This open mic is on the third Wednesday, which this month came the week following the third Thursday, fancy that. And it continues to be one of the open mics to be at, particularly if you (like Billy Pilgrim) are in Schenectady.
The open mic poets this night were like features, only didn't read as long, their work hitting home in different ways. In fact, Shaun Baxter at one point got lost in the readings & forgot he was the host, waited for someone to make the next announcement.
Bob Sharkey was the first feature. He did a wildflower bouquet of a variety of his poems, including one by William Carpenter. He is the kind of poet you will see scribbling in a pocket notebook on the train or at a lunch counter in NYC or Maine.
So different from the other feature, D. Alexander Holiday. Doug (Alex to some) always pushes our faces into it, where we often need to be. After all it is not only Black History Month, but the anniversary of the assassination of Malcolm X. In spite of his string of familiar poems from his book, he read some new, angry poems about his job situation. While Doug's focus is often on race issues, these poems stepped beyond into the boss-worker dynamic that we all, black or white, have had to deal with -- angry, over-the-top, & sometimes too much. But, hey, who are we to say? Sometimes he is our Jiminy Cricket.
I had been uncertain of what to read, but did my "white man's tribute" poem, Africa. Then later Dr. Boji Jordan delivered a short talk on Africa as the source & cradle of civilization -- Africa, the keystone, the great Mother of us all -- so it became our own Black History Month version of the third Wednesday open mic.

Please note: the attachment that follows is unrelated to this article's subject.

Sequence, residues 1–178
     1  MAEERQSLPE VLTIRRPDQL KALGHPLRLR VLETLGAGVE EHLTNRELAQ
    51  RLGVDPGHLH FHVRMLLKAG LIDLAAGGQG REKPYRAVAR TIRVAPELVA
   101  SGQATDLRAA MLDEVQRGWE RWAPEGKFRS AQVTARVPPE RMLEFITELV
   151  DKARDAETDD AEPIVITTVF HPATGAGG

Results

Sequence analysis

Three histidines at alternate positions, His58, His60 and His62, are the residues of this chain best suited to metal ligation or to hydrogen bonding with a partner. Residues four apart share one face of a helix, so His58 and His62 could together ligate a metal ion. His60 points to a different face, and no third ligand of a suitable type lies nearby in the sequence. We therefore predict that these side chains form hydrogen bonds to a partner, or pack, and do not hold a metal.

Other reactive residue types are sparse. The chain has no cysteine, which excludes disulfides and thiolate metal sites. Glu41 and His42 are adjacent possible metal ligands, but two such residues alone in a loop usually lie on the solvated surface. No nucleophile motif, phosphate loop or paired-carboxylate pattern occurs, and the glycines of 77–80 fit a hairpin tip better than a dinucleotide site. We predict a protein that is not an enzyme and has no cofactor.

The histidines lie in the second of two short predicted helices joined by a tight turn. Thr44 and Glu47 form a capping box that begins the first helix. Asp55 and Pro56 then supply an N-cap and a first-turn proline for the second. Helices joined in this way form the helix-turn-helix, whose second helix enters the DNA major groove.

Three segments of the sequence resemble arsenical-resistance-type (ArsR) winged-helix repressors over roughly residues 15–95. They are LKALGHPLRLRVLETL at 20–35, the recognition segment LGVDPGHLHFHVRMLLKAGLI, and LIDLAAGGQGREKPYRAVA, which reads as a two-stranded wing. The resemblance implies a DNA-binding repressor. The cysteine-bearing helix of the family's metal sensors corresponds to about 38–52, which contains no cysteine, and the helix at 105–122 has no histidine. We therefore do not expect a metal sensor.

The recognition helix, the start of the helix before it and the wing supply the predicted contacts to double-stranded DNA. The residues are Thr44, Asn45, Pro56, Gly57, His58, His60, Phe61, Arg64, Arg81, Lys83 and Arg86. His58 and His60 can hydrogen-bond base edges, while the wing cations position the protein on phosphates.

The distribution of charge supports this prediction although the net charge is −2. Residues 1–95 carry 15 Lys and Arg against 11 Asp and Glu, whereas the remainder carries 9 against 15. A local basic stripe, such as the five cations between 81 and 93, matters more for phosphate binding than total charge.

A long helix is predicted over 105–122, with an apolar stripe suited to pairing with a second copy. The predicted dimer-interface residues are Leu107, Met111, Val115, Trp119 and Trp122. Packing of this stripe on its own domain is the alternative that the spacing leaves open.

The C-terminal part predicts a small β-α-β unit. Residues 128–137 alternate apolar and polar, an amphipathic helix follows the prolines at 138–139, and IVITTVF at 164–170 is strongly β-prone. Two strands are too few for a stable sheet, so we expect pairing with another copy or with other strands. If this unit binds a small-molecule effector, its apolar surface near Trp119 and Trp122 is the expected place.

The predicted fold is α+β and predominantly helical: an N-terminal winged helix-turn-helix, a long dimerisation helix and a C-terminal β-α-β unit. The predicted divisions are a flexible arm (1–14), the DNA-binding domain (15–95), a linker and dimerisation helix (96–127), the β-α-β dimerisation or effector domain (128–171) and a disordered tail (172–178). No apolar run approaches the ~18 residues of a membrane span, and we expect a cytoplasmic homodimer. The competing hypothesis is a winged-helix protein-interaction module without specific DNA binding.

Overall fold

Other readers included Alan Catlin, about whose work what can I say? who is writing his critical survey?; Shaun (who also read some of the postcard poems people have sent -- show up sometime & find out what it's about!); Jason Dalaba (? spelling) with his gothic mix of cookie crumbs, sex & his idea of an English accent; Julie Lomoe's Sophomore Slump is an open mic poem poem for the anthology of poems about open mics; & Virginia Osborn debuted her new chapbook, "A Fleck of Yeast". Virginia had read at the Poets in the Park last year. Her marketing strategy is to charge $5 for the chapbook & refund it if you can convince her you've read it, but it's worth the $5 even after you've read it, so let her keep the money.
This is a great series in a wonderful venue, with a killer program next month: Don Levy & Mary Panza -- I can't wait to write the Blog on that!! Third Wednesday, March 21 (a week after the third Thursday: go figure).